In John Irving's book “The World According to Garp,” the main character’s son mishears the warning to avoid the “undertoad” while at the beach. Garp, a writer and the boy’s father, embraces the “undertoad” as a metaphor for that beast of calamity that sometimes we fear sits just under the surface of our lives.
I don’t know what the opposite of undertoad would be. What would we call that feeling of optimism or happiness we sometimes feel lurking in the layers of our lives? It needs a name.
I don’t have one. I can only describe it as a firm recognition of the
good in our lives and an accompanying feeling of thankfulness and joy. Like the undertoad, it is there but we don’t always see it, and we certainly don’t control it. It just is.
All of us have little things in our memories that can make us smile or cry. While some of them do coincide with momentous life occasions, most are just part of our everyday lives. Images that shape who we are and what we are.
I can still remember when my oldest son Michael was barely a toddler and I took him on a sunny day to experience a little creek in Valdosta. I don’t even remember where it was. I do remember changing his wet diaper after he played in the water and kissing his warm stomach. That was almost 33 years ago. It could have been yesterday.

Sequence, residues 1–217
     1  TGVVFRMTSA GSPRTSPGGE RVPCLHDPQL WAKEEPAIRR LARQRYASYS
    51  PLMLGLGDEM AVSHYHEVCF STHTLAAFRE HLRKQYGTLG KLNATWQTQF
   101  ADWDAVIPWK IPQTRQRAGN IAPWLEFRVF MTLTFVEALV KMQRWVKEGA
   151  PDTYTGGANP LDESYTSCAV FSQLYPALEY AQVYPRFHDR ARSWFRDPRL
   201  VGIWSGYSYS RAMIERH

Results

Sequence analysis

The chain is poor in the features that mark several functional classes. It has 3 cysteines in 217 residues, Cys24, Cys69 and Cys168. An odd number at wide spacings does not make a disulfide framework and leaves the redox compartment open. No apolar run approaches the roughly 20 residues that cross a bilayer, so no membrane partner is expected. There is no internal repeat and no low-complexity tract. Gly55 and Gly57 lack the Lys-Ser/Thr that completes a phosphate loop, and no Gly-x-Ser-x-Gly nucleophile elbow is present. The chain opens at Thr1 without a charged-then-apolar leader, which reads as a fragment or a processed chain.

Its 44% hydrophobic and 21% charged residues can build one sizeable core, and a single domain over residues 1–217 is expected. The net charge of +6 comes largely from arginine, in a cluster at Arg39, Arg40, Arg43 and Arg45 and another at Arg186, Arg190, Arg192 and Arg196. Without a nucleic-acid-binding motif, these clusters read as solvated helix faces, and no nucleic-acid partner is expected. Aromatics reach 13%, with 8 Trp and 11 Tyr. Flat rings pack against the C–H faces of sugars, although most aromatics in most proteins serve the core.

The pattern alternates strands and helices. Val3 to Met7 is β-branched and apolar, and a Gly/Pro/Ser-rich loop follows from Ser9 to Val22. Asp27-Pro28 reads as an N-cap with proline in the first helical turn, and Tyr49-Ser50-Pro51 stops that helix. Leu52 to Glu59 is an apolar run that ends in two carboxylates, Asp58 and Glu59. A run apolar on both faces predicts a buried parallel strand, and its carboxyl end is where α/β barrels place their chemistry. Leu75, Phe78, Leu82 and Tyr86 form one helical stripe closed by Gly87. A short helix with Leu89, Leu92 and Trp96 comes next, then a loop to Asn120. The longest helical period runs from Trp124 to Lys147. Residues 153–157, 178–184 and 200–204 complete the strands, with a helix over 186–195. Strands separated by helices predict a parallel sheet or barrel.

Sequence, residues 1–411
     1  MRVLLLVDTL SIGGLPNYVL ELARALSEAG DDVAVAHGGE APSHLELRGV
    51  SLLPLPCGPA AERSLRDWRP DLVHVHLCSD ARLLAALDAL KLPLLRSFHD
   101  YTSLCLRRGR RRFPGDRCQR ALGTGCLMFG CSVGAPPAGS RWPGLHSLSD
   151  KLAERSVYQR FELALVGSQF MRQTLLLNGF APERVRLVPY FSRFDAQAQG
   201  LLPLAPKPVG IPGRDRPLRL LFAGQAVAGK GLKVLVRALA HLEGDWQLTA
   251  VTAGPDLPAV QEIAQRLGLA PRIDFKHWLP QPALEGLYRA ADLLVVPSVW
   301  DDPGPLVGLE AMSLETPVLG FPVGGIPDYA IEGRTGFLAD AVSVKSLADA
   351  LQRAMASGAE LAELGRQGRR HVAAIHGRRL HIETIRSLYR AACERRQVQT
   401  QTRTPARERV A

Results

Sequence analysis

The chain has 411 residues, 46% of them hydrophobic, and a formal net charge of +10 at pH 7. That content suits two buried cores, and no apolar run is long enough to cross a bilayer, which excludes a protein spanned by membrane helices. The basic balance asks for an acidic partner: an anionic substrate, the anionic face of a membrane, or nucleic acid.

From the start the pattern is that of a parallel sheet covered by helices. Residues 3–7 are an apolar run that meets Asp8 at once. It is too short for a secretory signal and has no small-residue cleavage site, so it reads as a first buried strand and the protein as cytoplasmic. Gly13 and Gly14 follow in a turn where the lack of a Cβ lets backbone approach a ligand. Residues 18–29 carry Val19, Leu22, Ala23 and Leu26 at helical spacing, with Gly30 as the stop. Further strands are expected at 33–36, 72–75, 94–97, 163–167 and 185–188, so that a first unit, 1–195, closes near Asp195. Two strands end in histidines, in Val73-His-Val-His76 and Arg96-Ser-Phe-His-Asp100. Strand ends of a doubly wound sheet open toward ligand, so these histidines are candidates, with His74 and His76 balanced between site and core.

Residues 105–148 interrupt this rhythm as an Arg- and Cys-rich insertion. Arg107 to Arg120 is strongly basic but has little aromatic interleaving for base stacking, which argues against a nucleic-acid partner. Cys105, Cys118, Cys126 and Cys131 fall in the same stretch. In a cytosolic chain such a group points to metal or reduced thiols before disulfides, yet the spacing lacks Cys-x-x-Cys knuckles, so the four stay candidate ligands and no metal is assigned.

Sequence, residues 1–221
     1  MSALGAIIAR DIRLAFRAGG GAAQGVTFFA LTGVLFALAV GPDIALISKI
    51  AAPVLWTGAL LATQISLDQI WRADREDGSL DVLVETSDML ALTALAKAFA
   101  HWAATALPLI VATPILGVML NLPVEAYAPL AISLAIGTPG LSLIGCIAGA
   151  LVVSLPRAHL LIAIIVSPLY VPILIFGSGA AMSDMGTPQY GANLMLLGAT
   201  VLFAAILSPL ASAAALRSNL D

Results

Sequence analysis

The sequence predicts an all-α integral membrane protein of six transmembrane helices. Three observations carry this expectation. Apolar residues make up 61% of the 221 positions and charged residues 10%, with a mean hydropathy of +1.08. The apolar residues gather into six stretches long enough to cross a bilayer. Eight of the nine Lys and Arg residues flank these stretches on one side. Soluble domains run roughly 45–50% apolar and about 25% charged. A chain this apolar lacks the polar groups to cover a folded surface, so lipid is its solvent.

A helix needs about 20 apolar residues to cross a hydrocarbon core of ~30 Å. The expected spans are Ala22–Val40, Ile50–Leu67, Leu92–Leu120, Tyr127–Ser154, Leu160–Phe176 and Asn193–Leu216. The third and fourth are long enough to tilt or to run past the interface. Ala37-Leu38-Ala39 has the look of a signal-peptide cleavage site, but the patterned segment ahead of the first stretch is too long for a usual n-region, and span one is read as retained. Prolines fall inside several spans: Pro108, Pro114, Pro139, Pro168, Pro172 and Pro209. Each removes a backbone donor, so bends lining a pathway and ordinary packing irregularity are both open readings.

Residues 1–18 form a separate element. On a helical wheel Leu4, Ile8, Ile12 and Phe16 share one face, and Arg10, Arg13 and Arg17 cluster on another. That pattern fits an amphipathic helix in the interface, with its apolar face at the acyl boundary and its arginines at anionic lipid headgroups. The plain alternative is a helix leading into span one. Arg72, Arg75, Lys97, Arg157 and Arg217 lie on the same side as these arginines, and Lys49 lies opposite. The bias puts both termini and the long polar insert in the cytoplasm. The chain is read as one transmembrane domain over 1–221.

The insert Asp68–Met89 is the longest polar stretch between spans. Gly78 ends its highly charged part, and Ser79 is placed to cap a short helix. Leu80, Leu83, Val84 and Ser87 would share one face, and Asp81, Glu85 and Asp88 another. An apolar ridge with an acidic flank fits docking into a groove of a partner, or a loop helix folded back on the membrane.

Vacations are a perfect example of life’s ability to both delightfully surprise us or make us wish you had never left home.
Most humans would agree it is impossible to plan joy or happiness, but we still attempt to make that happen through our two weeks, three weeks or month of vacation.
Sometimes it works, sometimes it doesn’t, but usually it’s not always a total failure or a visit to Shangri-La. And human memory has a great way of shaping events to be better or worse than they actually were. Sometimes even the bad can take on a comical sheen when viewed through the lens of time.
Years ago we stayed at St. George Island, off the coast of Florida, not too far from Apalachicola. Oddly enough, what I remember the most about that trip was our attempt to find the perfect restaurant.
I failed miserably.
I don’t remember what the place was called, which is probably good because I would hate to be sued for libel. The ambience and the food were just terrible; it was so bad we simply had to laugh about it and still do.
Another memory is taking the kids to a little inn at Fernandina Beach. It was one of those places with a mini fridge in it and two double beds, which worked out well because at the time there were just two kids, not four.
We were a young, struggling family then, so the beachside condo with two bedrooms and a real kitchen was out of the question.
That may have been the same trip when crawling Sarah came down with a stomach virus yet still wanted to stay on the beach, her little face bonneted by a sunhat and Michael playing in the waves.
At the time I know it wasn’t magical, but like I said, time plays tricks with memories.
Flash forward and I remember dancing with Anthony in a sunny living room and we still laugh about swinging Joshua in a blanket and singing “Take Me Out to the Ball Game.”
Yes, in darker moments I hear the thrum of the undertoad, reminding me that bad things can and will happen.
That is life.
But in the lighter moments I can remember a kiss, a laugh, a tickle, a hug. That, too, is life. Pass it on.
Mike Colombo is managing editor of the Rome News-Tribune.